Great results back from The Lab

PUBLISHED: 09:00 21 April 2014

The 'Our Space' theatre worshop based in 'The Lab' at The Theatre Royal Plymouth

The 'Our Space' theatre worshop based in 'The Lab' at The Theatre Royal Plymouth

© sghaywood photography

How is a new facility at Theatre Royal Plymouth helping people from all walks of life reach their potential? CATHY SAYERS visits what’s known as The Lab to find out what’s on offer

Photos by Steve Haywood

James Bridgewater at The Theatre Royal's 'The Lab'James Bridgewater at The Theatre Royal's 'The Lab'

The Theatre Royal has a buzz about it when I arrive in the afternoon. People coming and going through the newly revamped entrance hall, others enjoying coffee in the café. What’s called a ‘relaxed’ performance of the panto Robin Hood is taking place in the Lyric theatre for those on the autistic spectrum who prefer to move around during a performance.

But it’s the basement I’m heading for. This is where a newly equipped mini theatre is up and running. The Lab is hosting a group of theatrical talent for whom theatre is a lifeblood. James Bridgewater, 41, explains why.

How theatre helps

Theatre allows self-expression and is a non-judgmental environment in which people can thrive and find their own identities, especially valuable with trauma in real life. A lot of the classes I witnessed were self-led, in other words people taking part developed their own forms of expression. This has given confidence not only to people like James but also fellow participants like Chris, who found it difficult to look people in the eye, and Kevin, who was shy and had a stutter

James fell out of traditional education when taking his A Levels at Plymouth College. He suffered a mental breakdown and ended up at what was then a mental institution, Morehaven, on the outskirts of Ivybridge. Things took a turn for the worse and he received a three-year young offender sentence for malicious wounding with intent. From then on, with a criminal record to his name, he found it very difficult to get a job.

Lacking in confidence and feeling excluded from society, James became a member of the Theatre Royal’s Our Space community, which focuses on the needs of the most vulnerable in society. The homeless and those with addictions or mental health issues all benefit from being able to take part in real theatrical productions. And now instead of having to take public transport to get to rehearsal space at TR2 in Cattedown, The Lab provides a more easily accessible city centre location. It’s in effect a mini theatre complete with the facilities of a professional stage set.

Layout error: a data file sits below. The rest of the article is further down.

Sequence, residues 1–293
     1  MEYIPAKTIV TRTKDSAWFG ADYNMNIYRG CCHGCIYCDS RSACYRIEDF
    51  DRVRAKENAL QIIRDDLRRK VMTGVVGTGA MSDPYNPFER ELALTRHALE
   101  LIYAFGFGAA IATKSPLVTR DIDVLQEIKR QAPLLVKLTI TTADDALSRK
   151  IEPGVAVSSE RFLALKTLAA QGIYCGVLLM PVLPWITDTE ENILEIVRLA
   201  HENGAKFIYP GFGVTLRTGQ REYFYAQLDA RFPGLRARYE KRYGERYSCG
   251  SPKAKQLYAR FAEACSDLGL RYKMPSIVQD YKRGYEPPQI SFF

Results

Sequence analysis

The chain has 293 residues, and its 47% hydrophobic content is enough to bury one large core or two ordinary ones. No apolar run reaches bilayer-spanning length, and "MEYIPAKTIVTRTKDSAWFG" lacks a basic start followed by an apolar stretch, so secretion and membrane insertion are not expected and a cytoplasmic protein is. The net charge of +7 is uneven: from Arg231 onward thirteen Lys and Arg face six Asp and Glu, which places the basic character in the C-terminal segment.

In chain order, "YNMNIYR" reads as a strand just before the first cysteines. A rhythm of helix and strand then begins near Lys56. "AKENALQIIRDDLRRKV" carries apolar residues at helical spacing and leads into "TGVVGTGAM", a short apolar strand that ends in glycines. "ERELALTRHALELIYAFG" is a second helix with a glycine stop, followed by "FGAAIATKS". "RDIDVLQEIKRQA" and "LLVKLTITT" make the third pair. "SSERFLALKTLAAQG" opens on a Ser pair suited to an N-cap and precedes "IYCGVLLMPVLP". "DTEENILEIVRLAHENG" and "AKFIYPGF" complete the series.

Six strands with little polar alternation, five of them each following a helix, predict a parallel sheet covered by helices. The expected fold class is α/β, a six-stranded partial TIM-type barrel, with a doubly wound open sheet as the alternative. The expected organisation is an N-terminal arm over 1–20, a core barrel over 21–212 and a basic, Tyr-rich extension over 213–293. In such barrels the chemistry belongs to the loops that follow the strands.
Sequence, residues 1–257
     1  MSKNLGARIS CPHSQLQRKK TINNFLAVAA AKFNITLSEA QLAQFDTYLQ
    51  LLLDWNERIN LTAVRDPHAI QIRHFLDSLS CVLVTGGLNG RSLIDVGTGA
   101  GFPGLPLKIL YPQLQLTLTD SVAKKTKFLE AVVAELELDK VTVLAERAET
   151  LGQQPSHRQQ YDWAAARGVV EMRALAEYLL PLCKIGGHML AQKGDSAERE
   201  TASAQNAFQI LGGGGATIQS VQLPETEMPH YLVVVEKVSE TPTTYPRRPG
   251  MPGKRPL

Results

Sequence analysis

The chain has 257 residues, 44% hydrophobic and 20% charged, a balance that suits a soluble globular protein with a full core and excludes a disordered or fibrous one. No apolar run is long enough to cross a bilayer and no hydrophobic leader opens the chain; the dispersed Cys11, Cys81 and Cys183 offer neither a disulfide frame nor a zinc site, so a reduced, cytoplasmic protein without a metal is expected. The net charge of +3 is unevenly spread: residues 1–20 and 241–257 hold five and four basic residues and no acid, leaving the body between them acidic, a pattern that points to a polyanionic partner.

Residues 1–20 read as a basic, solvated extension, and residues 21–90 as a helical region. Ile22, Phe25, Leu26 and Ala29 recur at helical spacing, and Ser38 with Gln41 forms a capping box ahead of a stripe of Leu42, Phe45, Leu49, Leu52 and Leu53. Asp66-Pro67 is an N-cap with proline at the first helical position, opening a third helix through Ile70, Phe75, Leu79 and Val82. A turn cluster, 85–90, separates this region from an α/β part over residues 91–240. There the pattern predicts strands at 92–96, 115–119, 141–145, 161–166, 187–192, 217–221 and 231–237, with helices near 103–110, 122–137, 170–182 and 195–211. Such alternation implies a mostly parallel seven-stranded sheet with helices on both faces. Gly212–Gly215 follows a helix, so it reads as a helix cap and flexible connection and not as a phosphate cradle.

As James explains: “The whole process of taking part in productions at Theatre Royal Plymouth has given me confidence. It gives me a chance to act out someone else, the opportunity to express myself.”

"It gives me a chance to act out someone else, the opportunity to express myself"

He became a project officer for Our Space, something which made him feel valued. He’s acted in many of the Our Space productions, including a piece called The Edge based on a story by Gabrielle Garcia Marquez, as part of the Theatre Royal Plymouth’s Pop-up Season at TR2, and The Twelve Steps of Christmas which was a series of sketches put on in The Lab.

“The great thing about The Lab is that being epileptic I can get here more easily with my bus pass. We used to go by taxis to TR2 which was a bit of an organisational nightmare; The Lab is more accessible.”

James has also branched out into directing. He is a regular at Our Space and now returns to his group activity, which I have a chance to observe. Exercises are taking place. Participants are asked to illustrate first of all the word ‘propaganda’ by the Staff Director of Learning, Beth Shouler. Then it’s on to ‘misinformation’. After that a mirroring technique is used.

Victoria Allen, the Theatre’s Director of Creative Learning, joins me. She is delighted that Our Space has just been awarded a £100,000 grant over three years.

“We have a huge programme of work, a lot of which is for vulnerable people,” she explains. “Some of the most exciting theatre we do is created by the Our Space community and now we have The Lab as a city centre focus for that work.”

Victoria heads up a team of six full-time staff. The Lab has provided them with a city centre location. She says: “As it’s a fully kitted out performance space we can rehearse for not only low key performances but more formal productions in the Drum. This way we’re engaging with communities in Plymouth. They will get the benefits of what theatre has to offer in bringing out people’s self-esteem which leads to better health and well-being.

James certainly feels the benefit of The Lab. It’s easy to get to, and a creative focus for his life as an independent adult.

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